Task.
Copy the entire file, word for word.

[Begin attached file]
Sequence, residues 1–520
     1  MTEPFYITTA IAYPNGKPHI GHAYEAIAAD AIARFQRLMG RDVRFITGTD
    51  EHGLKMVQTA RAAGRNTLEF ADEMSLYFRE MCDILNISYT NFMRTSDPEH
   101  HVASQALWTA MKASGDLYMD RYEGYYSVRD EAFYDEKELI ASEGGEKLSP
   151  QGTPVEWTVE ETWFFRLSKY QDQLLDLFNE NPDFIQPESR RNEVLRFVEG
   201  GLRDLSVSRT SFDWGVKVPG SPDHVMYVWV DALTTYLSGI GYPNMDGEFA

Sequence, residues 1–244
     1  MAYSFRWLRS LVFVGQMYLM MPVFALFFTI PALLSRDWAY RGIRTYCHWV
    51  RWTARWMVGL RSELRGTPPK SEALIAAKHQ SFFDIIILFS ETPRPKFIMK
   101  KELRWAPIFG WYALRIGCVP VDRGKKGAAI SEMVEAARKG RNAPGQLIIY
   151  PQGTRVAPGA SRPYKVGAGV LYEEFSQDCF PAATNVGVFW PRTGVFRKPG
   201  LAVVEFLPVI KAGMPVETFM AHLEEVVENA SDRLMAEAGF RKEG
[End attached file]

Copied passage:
Sequence, residues 1–520
     1  MTEPFYITTA IAYPNGKPHI GHAYEAIAAD AIARFQRLMG RDVRFITGTD
    51  EHGLKMVQTA RAAGRNTLEF ADEMSLYFRE MCDILNISYT NFMRTSDPEH
   101  HVASQALWTA MKASGDLYMD RYEGYYSVRD EAFYDEKELI ASEGGEKLSP
   151  QGTPVEWTVE ETWFFRLSKY QDQLLDLFNE NPDFIQPESR RNEVLRFVEG
   201  GLRDLSVSRT SFDWGVKVPG SPDHVMYVWV DALTTYLSGI GYPNMDGEFA

Sequence, residues 1–244
     1  MAYSFRWLRS LVFVGQMYLM MPVFALFFTI PALLSRDWAY RGIRTYCHWV
    51  RWTARWMVGL RSELRGTPPK SEALIAAKHQ SFFDIIILFS ETPRPKFIMK
   101  KELRWAPIFG WYALRIGCVP VDRGKKGAAI SEMVEAARKG RNAPGQLIIY
   151  PQGTRVAPGA SRPYKVGAGV LYEEFSQDCF PAATNVGVFW PRTGVFRKPG
   201  LAVVEFLPVI KAGMPVETFM AHLEEVVENA SDRLMAEAGF RKEG